The concept of living a life through intricacies, complications and deceptions of sorts helps depict the deterioration of spirit, youth, beauty, and life in the Court of Louis XIV. Inevitably, people resort to various methods to control the invariables by means that are contrary to the teachings of the Church at the time. Holding on to Louis proves to be an even greater challenge than taming her beloved Diablo. Will Petite need to make a different pact? She alone must decide her fate.

What an intense love story! For me, Petite came through as angelic in her ways; a gentle and free spirit entangled in wrath. As for Louis XIV, he was larger than life; the Sun. ...an angel fighting for the sun- within so much darkness. Even the title reveals a deep and mystical meaning. Petite my have miraculously `survived' a true fairytale after all...`happily ever after'...

The story unravels magnificently. I was enraptured from beginning to end. Splendid!
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7 of 7 people found the following review helpful
VINE VOICEon August 18, 2008
In her first novel in eight years (following the international success of her Josephine B. trilogy), Sandra Gulland has chosen an enigmatic figure--Louise de la Vallière, mistress to Louis XIV and mother of four children by him. Louise has been overshadowed in history by her more glamorous successors and the flamboyance that characterized the later years of Louis's reign, but in her captivating jewel of a novel Gulland offers an absorbing account of a woman who reluctantly became a royal mistress and paid the price.
Gulland's Louise has a fey spirit with the ability to enchant horses. In a desperate act of magic to save a feral stallion's life she sets the course for her own destiny, one that will bring her equal measures of sorrow and joy. Uneasy with the cruel sycophantism of court, caught between her innate spiritual introspection and an impoverished lineage that compels her to noble servitude, Louise eventually catches the young king's eye. Louis is handsome and vital, poised to assume his later embodiment as the Sun King. In Louise, he discovers incorruptible innocence, and their romance flourishes under a secrecy that continues for years, even as he grows in stature and she wrestles with her conscience and the degradation of her illusions. Scandal ensues when Louise is brought into the open as Louis's lover; this fateful moment also sets the stage for her decline.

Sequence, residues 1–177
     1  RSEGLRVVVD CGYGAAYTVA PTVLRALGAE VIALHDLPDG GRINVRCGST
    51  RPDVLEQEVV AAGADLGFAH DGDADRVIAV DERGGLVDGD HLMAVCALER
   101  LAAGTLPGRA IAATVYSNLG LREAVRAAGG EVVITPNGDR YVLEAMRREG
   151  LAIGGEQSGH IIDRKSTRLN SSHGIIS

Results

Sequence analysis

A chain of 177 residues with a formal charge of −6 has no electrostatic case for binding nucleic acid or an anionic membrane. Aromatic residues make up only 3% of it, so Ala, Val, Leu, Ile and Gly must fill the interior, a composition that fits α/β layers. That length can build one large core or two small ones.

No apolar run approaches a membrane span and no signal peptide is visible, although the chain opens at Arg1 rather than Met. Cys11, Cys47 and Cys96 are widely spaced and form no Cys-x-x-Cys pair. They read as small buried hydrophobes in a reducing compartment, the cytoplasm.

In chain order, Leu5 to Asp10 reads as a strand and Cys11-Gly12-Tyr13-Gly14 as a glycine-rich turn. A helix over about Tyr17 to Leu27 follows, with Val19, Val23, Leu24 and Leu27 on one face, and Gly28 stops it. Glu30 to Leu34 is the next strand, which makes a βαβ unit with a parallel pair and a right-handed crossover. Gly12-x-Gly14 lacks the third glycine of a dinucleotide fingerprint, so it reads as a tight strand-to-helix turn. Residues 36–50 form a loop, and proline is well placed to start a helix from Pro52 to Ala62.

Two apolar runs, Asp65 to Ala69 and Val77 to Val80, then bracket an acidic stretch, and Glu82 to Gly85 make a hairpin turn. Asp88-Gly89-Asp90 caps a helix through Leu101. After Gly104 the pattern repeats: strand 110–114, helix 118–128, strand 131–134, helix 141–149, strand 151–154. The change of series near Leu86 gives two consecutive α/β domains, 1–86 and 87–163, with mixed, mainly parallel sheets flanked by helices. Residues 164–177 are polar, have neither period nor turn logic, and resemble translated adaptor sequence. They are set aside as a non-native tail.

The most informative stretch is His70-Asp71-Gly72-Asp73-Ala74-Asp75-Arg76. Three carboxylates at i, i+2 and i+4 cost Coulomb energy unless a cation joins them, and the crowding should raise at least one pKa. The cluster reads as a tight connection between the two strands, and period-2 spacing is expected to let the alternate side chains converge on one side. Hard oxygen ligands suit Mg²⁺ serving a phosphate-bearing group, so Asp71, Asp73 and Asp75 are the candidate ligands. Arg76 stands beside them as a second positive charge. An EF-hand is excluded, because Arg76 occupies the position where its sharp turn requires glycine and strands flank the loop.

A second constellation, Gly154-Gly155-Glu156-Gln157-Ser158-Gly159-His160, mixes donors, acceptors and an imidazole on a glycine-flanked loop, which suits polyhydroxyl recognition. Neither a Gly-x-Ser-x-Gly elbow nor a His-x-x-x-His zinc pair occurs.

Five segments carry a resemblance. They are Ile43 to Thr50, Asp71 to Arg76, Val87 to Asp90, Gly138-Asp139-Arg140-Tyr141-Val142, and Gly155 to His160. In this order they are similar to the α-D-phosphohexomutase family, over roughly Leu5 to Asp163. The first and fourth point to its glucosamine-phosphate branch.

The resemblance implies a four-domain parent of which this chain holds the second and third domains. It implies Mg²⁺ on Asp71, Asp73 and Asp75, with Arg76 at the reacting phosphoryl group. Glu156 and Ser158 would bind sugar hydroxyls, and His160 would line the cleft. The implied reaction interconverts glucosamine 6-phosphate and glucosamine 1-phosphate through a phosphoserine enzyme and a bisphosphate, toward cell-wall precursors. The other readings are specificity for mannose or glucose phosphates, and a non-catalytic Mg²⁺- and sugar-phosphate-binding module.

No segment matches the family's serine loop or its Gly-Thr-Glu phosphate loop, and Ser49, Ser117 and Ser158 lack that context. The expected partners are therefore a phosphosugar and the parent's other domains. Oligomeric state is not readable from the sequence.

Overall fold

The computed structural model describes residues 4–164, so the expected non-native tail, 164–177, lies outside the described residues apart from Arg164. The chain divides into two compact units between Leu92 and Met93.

Fascinating details of life at the French court sparkle throughout the narrative, evidence of Gulland's dedication to research. While Louise may not be as ambitious or clever as those who followed in her footsteps, she imbues an unforgettable authenticity that gives credence to the belief that she was Louis XIV's only true love.
(This review was first published in the May 2008 issue of The Historical Novels Review)
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6 of 6 people found the following review helpful
on September 30, 2008
I found this an engrossing tale of life in the court of the young Louis XIV, a figure so associated with engendering the extravagance that came to represent 17th century France, that it was refreshing to see him portrayed in a very human way; a person struggling to reconcile his duty as monarch with his innate need for love and family, sans the excessive pomp and grandeur for which he was later famous. The attention to detail was impeccable and one can tell that the author spent an exhaustive amount of time researching her subjects. This novel may not be filled with the pageantry and extravagance that one comes to expect in stories involving French royalty of the 17th century but what it lacks in firepower it more than makes up for in rich characterizations and an unerring sense of time and place. The story moves in a beautiful, languid pace, very much like taking a stroll through a flowering garden rather than a race through a carnival. If you're looking for tawdry thrills, idle court gossip and catty exchanges, this may not be your book; however, if you're in the mood for some excellent writing about a little known historical figure who managed to steal the heart of the King of France and in her own small way, influence history, I think you'll find this a rewarding read. Another reviewer stated that there was "no meat" to this story. I wholly disagree. There is much substance. What it might lack, however, is the whipped cream that most people love in tales of courtly life.